Your experienced warehouse project partner.
Call Us: (206) 999-8993
West Coast Warehouse Consultants, LLC BBB Business Review

How do you “stack up”? The Acronyms…

ACRONYMS – Every industry has them. Certainly, the Material Handling / Warehousing industry is no exception.

As WCWC designs any type of building space or warehouse operation these acronyms (which explain a fundamental type of storage and the resulting functions) come into play.

We’ve noted a few of the more traditional acronyms first. But as you’ll also see, with no disrespect meant or intended, some of the not-so- traditional acronyms that follow just may better “sum up” what may actually be going on in your operation. Ideally, this blog will inform. But if it also entertains a bit…we trust that’s okay too.

First, the traditional Material Handling / Warehouse storage ‘type’ acronyms…

Material Handling / Warehouse Storage ‘Type’ Acronyms

FIFO / First In, First Out – FIFO basically represents the ideal method of storage designed for the processing or “turning” of your inventory. Each specific FIFO method of storage (whether for pallets or cases and/or cartons) may vary greatly, but each are designed to maintain 100% FIFO.

FILO / First In, Last Out – Virtually the opposite of FIFO, this storage method / practice effectively suits very, very few applications. In addition, FILO typically results in extra Labor in order to maintain some resemblance of proper inventory rotation.

FINO / First In, Never OutJust as it sounds, FINO would appear inconceivable. Further, completely unacceptable. Yet…it still exists and happens somewhere every single day.

FISH / First In, Still Here Not unlike FINO, this ‘condition’ can represent a rather serious problem for any distribution process. Depending on the product being stored, FISH may represent anywhere from an angry Customer right through to the complete loss of both the inventory and your Customer.

AIAO / All In, All Out A wonderful (typically, inexpensive) storage concept for those ‘high turn’ applications. Most notably, by the Material Handling’s industry definition, it is most commonly found in Produce and Cross Dock applications. Caution: Please be aware of not wasting valuable cubic storage capacity for perceived flexibility of AIAO and your desired throughput rate or speed.


Now, with the traditional Industry ‘lingo’ behind us, how about exploring some of the more untraditional, unconventional acronyms? Do any of these better explain your current storage and/or handling challenges?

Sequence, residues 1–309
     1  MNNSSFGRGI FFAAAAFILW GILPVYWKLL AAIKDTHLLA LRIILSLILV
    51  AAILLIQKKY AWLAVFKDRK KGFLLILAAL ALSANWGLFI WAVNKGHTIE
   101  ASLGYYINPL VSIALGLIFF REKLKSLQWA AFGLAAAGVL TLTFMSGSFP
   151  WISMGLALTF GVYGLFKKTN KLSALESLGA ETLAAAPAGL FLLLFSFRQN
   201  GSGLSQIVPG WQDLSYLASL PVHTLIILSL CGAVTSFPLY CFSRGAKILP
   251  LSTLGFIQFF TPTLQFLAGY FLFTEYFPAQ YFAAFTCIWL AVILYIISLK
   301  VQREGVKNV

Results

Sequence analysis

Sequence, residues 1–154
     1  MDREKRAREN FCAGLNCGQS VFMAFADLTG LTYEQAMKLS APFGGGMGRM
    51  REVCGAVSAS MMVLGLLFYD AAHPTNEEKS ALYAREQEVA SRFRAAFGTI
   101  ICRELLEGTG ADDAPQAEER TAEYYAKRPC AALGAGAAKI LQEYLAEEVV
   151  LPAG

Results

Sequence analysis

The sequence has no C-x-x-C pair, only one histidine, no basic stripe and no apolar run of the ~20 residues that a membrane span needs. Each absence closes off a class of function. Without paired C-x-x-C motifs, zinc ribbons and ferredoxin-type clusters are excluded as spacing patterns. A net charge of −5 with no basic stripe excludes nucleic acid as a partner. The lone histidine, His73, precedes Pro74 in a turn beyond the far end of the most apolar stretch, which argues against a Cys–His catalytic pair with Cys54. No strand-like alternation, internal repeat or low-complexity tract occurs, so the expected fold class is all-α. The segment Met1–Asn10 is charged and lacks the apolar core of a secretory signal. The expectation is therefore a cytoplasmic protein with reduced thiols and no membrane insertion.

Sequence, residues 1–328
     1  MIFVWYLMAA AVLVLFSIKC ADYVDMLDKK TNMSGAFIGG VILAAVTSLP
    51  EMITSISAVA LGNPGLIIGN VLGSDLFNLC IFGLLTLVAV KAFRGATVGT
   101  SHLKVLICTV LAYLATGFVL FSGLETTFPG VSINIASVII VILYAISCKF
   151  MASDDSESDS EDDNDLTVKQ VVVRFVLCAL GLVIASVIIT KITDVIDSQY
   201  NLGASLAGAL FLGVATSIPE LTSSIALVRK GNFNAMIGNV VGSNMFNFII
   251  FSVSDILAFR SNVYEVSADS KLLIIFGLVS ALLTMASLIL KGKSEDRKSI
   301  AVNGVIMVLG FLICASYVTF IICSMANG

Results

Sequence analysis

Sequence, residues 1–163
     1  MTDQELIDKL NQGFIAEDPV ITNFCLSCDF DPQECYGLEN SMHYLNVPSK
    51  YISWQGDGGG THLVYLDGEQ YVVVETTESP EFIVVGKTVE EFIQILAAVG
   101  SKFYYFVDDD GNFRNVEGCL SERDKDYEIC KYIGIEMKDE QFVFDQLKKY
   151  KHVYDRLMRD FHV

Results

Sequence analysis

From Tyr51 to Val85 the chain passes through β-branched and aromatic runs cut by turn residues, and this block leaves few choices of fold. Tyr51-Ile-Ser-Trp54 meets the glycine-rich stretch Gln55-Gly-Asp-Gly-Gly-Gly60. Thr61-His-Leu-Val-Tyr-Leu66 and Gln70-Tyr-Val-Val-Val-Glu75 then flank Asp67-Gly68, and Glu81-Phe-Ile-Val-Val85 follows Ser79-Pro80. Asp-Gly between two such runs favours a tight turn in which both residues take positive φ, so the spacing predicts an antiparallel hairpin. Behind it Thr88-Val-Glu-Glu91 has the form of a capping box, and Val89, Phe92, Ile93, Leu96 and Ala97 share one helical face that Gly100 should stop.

Food for thought…again, the intent here is just a touch of fun & levity. However, if any of these explanations sting a bit please know WCWC has alternatives  and / or solutions for you.

IHBWII / IT’S HERE BUT WHERE IS IT Scary, huh? Just the very thought of it. Yet, as just one example, are you a Company that relies on your lift truck operators to know exactly where your inventory is? Frankly and to my amazement, this practice also still occurs today.

Basic technologies today can simply and easily provide “live” inventory reporting. With a couple of key strokes, how would you like to know exactly where your inventory is at…at any given time?

TOUCHED TOO MANY TIMES BEFORE IT SHIPPED or TTMTBIS – Labor, labor and more labor. Certain types of storage, such as “bulk storage,” are notorious for creating excessive labor. Order picking and replenishment is another.

Labor, payroll is typically the largest or second largest operating expense of most warehouse or distribution operations today. How does your operation stack up?

OUR SYSTEM WON’T LET ME / OSWLM Another “ouch” resulting in a truly concerning problem. This ‘condition’ suggests that enhancements or efficiencies have even been recognized by building operator’s (whether it is management or a picker on a pallet jack), but the present ‘system’ cannot support or allow for basic logic.

And finally…

TOO MANY ORDERS, TOO LITTLE TIME / TMOTLT – With the demands of current consumer technology and the general business environment, TMOTLT is simply not an acceptable excuse anymore. Likely, you’ll find you solution in the ‘smarter not harder’ approach.

If this situation occurs frequently enough, then additional man power or more labor should not, most likely, be your first response or only answer.

Do any of these conditions sum up or affect your operation?

Would you like to address any of these challenges?

Important Note:  Whether your loads are full pallets, partial pallets, cases, split cases, etc. cost effective, R. O. I. based solutions exist for you. Please contact WCWC to discuss your potential options and solutions.


WCWC Blog #4, 6/23/13